Why Reduction in Wine Bottle Weight Is the Quickest Way To Offset Wine’s Carbon Footprint

Dr. Laura Catena, Karen MacNeil, and Jason Haas sound off on the importance.

Innovating and working against consumer expectation to tip the scales the other way.

Dr. Laura Catena of Catena Zepata
Courtesy of Catena Zepata | Photo by Matt Wilson

Dr. Laura Catena of Catena Zapata in Mendoza, Argentina has been dedicated to educating consumers about the environmental impact of bottle weight. With this and focused efforts of the winery, they have successfully reduced the weight of their Appellation Vista Flores Malbec bottle by 45%, and reduced the Catena Zapata Classic bottle weight by 33%. Overall the entirely of their bottles have seen a 40% reduction in weight. I asked Dr. Catena why it’s important for quality wine producers to follow suit in the efforts of Catena Zapata and work toward glass reduction in their bottles. Here is her heart-felt response:

« It’s important to lower the weight of wine bottles because up to 60% of a wine’s carbon footprint comes from the glass bottle and its transport; however, because very few consumers in the USA are aware of this, they often choose the heavier bottles which look fancier, in the same way that heavy Champagne bottles look so gorgeous and fancy. »

« So what’s really important right now for the wine industry is to teach consumers about why lighter bottles are a better environmentally friendly choice, so that consumers start preferring a lighter bottle. For example, if we have an Argentine wine that is high-priced – over $100 – right next to a bottle from Napa, California at the same price, and the Argentine wine has a lighter bottle, it looks less expensive than the heavier bottle of the Napa wine. People are visual. This is why at Catena we’re doing this education campaign for the consumer. We want the consumer to make the choice and to have all the information necessary to make the right choice. I’m confident that the consumer, with the information about the significance of the glass bottle to the carbon footprint, will prefer the lighter bottle. It’s the same as asking a luxury perfumer like Dior to use light-weight plastic bottles for their fancy perfumes. Consumers wouldn’t like this, so it wouldn’t happen. Look at cognac bottles; they’re heavy, beautiful. I think we need to do a lot of talking to the consumer about this. Why would a consumer pick a less attractive packaging unless they understood why? »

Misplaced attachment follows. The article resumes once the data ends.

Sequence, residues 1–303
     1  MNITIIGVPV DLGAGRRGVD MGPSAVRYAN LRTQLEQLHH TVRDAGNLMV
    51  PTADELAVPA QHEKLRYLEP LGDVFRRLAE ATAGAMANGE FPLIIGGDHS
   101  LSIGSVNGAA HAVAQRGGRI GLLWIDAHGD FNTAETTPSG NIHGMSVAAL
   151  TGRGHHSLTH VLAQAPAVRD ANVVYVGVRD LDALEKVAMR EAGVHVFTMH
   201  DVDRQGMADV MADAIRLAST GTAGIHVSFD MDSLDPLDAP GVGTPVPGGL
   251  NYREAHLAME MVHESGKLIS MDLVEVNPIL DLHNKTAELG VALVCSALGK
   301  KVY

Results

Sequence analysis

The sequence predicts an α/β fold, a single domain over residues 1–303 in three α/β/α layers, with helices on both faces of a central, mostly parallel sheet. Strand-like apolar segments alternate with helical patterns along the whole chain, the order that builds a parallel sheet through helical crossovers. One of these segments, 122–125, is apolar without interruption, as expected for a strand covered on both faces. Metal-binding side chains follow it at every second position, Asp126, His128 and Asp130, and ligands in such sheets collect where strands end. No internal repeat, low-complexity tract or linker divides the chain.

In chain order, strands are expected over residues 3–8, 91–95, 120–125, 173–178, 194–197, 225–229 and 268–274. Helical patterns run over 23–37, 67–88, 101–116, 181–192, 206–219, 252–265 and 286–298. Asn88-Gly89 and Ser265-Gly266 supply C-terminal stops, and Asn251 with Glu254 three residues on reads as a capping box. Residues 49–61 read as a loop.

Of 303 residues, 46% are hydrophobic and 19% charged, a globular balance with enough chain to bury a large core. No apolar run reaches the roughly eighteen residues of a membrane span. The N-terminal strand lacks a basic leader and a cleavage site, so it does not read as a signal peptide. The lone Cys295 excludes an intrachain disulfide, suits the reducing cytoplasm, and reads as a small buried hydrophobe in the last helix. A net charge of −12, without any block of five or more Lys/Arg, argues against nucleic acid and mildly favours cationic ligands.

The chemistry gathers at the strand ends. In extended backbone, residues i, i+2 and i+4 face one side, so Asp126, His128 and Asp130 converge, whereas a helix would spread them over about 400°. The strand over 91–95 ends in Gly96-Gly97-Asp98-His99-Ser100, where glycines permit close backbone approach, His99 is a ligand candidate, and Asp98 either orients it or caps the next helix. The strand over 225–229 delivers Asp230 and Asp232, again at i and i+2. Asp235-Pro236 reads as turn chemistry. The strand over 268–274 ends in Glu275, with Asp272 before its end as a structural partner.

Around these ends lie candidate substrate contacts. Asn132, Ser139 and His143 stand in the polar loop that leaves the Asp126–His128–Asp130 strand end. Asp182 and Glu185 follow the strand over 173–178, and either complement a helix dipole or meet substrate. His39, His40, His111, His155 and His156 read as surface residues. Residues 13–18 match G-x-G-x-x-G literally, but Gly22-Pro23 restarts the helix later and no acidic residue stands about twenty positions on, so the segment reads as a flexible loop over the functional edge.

Similarly on the journalism side of wine, we are seeing a changing tide. A few weeks ago Karen MacNeil, author of the best-selling book The Wine Bible, announced via Instagram (see post above) that she and her team will no longer write about wines that come in heavy bottles. I applauded the news when I saw the Instagram post myself, but then though about it even more deeply when I came across the LinkedIn post below from Jason Haas, Proprietor of Tablas Creek Vineyard in Paso Robles, CA:

« Glass accounts for half of wine’s carbon footprint, more or less, and a move from heavy to lightweight bottles will save a winery 20% off its tally. At Tablas Creek Vineyard we did this back in 2011 and have used nearly 2 million pounds of glass less and saved more than $2 million in aggregate since. How did we have the confidence to make the switch? We asked our customers what they cared about. The most common response: “please just give us something that fits in our wine racks.” -Jason Haas, Proprietor of Tablas Creek Vineyard

We are also seeing it go down in the Willamette Valley! And it’s no surprise because winemakers in Oregon are always ahead of the curve when it comes to sustainability, and glass production, shipping, and recycling have a huge carbon footprint. Wineries like J.L. Kiff, who have been using lighter-weight glass and screw caps for many years, are embracing the new trend in sustainable packaging: refillable bottles. ReVino is a new company creating refillable glass bottles in the Willamette Valley, creating a new, more Earth-friendly bottle ecosystem for beverage producers and consumers in the PNW. Early signers-on include Et Fille Wines and Fairsing Vineyard, both in the Yamhill-Carlton AVA, as well as Remy Wines in Dayton. 2023 wines will start being bottled in these reusable bottles this month. Reduce the weight, reuse the bottle. A winning recipe for continued success and massive carbon footprint offset! 

The challenge will be within each of us, as we tangibly hold a bottle of wine in our hands and allow that weight to influence our opinion of the juice inside. When we reverse that psychology, we will unlock ways for the industry to continue making course-corrections that’ll take us into innovations of the future.